The Administrative Appeals Tribunal has confirmed the Commissioner’s assessments and amended assessments issued to a private company in its capacity as the trustee of a family trust which operated an independent supermarket. The Commissioner found that the taxpayer was engaged in tax evasion.
The issues were whether:
- there was understated income for the relevant income years including net profit from the supermarket business, rental income, goods applied to own use, and unexplained income (loans to related entities)
- deductions were correctly disallowed including superannuation contributions on behalf of employees, and various other deductions
- there was an understatement of income due to a failure to correctly record goods applied to own use
- the taxpayer was properly assessed under s 99A and s 97(1) ITAA 1936
- the taxpayer failed to lodge returns for the income years 1993 and 1994, 1996 and 1997, and 1999 and 2000, and whether subsequent assessments were made outside the time limitations set out in ITAA 1936
- the taxpayer was liable to administrative penalties and, if so, whether those penalties were correctly assessed at 75%, and
- the penalties should be remitted.
The Tribunal found that the documentary and oral evidence presented by the taxpayer in support of its contentions in this case was wholly unsatisfactory. It was contradictory, vague, and at times implausible. The families involved in the business of the trustee took goods and received benefits from the business which were either not recorded in its accounts or not accurately recorded. Financial statements provided to banks were deliberately false and deceptive.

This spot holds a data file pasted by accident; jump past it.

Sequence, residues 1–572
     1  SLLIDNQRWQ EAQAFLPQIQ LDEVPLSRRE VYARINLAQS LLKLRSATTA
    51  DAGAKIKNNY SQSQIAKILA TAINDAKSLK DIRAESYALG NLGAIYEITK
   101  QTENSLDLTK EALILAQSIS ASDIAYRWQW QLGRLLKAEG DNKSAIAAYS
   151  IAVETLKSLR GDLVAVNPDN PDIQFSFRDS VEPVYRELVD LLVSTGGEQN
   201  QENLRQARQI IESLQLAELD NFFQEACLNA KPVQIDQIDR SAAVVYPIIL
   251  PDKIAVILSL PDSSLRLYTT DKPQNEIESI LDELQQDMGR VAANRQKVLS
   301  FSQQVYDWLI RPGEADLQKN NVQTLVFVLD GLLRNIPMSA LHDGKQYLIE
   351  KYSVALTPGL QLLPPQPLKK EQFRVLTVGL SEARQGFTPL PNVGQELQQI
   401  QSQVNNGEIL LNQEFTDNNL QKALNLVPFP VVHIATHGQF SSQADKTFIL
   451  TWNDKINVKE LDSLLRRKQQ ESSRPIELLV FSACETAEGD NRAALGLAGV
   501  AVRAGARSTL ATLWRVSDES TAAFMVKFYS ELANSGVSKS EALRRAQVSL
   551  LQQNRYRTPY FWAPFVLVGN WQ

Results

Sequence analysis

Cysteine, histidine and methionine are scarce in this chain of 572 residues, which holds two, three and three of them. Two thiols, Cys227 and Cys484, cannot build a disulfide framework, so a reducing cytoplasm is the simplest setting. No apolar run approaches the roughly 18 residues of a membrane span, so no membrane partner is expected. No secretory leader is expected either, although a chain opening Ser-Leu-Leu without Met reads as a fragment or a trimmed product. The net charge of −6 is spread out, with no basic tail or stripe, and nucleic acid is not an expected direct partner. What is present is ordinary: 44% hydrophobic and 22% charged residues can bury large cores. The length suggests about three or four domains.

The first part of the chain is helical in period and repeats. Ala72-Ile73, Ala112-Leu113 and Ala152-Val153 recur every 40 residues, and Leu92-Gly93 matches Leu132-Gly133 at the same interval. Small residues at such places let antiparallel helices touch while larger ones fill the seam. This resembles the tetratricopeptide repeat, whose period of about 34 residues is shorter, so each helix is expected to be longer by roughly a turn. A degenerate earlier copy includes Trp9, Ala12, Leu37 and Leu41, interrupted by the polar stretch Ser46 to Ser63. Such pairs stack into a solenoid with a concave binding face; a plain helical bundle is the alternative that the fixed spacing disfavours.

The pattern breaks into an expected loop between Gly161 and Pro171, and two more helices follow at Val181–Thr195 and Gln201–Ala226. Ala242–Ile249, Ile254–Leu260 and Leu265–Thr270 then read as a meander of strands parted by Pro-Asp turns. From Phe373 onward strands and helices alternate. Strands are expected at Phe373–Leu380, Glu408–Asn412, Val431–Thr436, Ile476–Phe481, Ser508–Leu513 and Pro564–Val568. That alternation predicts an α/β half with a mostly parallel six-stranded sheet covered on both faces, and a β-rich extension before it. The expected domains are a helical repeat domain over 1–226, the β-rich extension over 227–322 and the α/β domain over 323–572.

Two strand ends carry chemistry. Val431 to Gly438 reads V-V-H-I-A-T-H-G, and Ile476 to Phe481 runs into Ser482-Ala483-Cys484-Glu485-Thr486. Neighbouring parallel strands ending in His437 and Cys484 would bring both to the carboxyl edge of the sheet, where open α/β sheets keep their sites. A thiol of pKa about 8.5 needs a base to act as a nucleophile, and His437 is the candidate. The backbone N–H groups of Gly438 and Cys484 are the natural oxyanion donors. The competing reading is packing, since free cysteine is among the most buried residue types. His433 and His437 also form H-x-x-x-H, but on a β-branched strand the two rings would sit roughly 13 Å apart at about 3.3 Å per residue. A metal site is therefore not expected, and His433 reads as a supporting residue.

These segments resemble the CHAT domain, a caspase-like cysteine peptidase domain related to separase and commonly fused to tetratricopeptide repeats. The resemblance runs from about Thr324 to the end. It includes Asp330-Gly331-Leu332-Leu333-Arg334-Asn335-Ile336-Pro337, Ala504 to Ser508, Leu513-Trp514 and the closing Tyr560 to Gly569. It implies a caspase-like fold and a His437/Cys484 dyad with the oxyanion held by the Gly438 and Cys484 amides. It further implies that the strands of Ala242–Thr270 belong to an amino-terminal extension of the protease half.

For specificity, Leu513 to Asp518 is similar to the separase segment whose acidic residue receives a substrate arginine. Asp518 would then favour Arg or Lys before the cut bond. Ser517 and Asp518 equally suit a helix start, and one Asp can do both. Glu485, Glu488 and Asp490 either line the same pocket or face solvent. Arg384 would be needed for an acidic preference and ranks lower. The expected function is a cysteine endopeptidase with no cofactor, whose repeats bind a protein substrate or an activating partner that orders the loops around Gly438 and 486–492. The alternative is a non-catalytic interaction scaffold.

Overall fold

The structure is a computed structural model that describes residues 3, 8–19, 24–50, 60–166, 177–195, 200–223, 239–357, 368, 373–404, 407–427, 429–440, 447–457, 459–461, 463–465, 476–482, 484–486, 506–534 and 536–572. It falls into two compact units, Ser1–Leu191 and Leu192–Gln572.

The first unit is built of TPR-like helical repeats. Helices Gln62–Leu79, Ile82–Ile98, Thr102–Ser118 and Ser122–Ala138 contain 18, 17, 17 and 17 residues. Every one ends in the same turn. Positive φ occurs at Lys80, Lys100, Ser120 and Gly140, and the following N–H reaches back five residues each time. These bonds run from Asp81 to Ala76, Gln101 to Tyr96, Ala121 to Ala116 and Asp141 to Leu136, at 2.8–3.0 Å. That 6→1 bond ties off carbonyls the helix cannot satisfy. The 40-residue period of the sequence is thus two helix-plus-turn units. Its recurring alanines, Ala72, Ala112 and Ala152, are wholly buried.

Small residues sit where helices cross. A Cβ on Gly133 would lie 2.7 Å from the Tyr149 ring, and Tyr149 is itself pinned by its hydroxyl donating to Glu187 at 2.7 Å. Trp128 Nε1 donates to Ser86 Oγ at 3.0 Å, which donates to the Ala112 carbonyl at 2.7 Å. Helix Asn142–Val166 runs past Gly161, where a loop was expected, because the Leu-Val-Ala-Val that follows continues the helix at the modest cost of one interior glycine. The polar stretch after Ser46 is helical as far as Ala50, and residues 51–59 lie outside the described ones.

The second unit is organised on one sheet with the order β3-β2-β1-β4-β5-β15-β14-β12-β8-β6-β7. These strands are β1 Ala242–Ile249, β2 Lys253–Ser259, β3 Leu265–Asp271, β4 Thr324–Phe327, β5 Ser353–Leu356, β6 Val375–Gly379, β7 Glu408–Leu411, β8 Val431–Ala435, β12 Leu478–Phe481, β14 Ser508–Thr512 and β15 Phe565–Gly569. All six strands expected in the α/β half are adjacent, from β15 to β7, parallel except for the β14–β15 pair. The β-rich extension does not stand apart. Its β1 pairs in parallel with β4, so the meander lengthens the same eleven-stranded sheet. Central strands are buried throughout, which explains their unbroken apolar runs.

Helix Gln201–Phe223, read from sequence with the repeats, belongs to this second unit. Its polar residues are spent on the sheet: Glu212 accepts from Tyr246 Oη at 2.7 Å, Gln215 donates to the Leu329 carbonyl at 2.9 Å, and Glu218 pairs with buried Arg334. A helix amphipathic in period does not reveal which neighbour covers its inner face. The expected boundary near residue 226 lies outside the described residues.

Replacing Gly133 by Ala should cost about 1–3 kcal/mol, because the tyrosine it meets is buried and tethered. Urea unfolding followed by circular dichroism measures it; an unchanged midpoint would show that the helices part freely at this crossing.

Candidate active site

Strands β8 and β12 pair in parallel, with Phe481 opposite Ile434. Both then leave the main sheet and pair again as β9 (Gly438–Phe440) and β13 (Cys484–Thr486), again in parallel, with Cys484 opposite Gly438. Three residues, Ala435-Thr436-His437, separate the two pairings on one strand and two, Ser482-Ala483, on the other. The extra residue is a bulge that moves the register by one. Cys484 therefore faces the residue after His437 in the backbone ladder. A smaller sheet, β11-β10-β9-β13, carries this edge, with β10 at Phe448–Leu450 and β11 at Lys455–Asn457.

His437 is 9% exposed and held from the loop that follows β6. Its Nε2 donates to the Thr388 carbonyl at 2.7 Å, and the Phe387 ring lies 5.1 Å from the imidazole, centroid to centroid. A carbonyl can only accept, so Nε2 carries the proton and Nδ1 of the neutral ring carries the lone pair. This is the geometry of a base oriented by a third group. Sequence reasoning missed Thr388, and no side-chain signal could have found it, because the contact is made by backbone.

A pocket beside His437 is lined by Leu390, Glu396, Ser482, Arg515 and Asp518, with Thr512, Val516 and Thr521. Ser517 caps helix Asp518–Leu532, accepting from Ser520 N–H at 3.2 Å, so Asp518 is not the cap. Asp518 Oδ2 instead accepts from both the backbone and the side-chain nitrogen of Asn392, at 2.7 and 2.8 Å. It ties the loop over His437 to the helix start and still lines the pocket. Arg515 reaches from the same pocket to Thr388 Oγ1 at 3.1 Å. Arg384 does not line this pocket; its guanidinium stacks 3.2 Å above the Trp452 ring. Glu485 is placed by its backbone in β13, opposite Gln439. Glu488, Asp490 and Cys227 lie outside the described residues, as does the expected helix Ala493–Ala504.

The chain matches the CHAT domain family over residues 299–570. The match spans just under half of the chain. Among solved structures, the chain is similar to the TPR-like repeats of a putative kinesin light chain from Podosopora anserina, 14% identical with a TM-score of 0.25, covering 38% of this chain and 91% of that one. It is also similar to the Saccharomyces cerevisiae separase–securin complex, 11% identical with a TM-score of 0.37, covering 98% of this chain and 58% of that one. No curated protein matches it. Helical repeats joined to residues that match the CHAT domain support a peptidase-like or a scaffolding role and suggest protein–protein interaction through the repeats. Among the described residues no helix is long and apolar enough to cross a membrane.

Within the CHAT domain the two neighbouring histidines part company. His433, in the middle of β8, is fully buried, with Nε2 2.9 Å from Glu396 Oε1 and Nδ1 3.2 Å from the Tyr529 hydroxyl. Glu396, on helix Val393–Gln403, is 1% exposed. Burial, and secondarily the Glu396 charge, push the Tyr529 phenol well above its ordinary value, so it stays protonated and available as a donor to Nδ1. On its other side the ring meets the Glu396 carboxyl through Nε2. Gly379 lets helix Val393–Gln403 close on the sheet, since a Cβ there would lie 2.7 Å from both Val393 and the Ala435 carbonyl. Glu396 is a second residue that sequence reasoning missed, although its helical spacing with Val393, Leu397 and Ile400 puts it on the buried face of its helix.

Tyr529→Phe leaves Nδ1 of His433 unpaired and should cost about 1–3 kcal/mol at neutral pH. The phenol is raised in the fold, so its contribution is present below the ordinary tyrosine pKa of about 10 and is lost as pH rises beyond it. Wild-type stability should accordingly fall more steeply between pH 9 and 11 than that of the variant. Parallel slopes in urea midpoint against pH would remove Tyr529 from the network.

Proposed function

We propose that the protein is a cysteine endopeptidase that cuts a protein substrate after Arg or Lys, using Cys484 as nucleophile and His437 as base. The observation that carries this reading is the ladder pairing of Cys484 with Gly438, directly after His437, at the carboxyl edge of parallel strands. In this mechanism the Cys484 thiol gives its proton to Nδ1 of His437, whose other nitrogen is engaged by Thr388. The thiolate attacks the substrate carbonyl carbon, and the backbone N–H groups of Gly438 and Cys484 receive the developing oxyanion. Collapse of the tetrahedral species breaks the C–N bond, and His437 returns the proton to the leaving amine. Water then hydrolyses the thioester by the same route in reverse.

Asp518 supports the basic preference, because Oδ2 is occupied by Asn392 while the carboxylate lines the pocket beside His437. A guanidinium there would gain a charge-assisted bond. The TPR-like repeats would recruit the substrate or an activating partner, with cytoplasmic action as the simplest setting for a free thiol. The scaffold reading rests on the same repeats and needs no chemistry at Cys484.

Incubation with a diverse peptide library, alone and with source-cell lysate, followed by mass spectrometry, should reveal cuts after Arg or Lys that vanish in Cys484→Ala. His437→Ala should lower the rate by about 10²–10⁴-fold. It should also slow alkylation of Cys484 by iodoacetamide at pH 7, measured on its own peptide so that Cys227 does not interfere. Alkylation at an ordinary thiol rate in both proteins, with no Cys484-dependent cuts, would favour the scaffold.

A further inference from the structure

As to failure to lodge returns, the Commissioner had no record of the returns being lodged. In the absence of objective evidence of lodgment, the Tribunal found the taxpayer failed to discharge the onus of proving lodgment.
The Commissioner was correct in disallowing deductions for superannuation contributions because the so-called employees, who were all family members, were not employees for the purposes of s 82AAC ITAA 1936. As for the other expenses, there were either obvious errors in the accounts or there was no evidence that the expenses were in fact incurred as claimed.
The taxpayer was correctly assessed under s 99A and s 97(1) ITAA 1936 because, on the evidence, no beneficiary was presently entitled to income of the trust in any of the first group of income years and the taxpayer, in its own right as a beneficiary of the trust, was so entitled in each of the second group of income years.
The Tribunal also confirmed the penalties imposed by the Commissioner.
Re Confidential and FCT  AATA 178 (Administrative Appeals Tribunal, Egon Fice, Senior Member, 23 March 2012).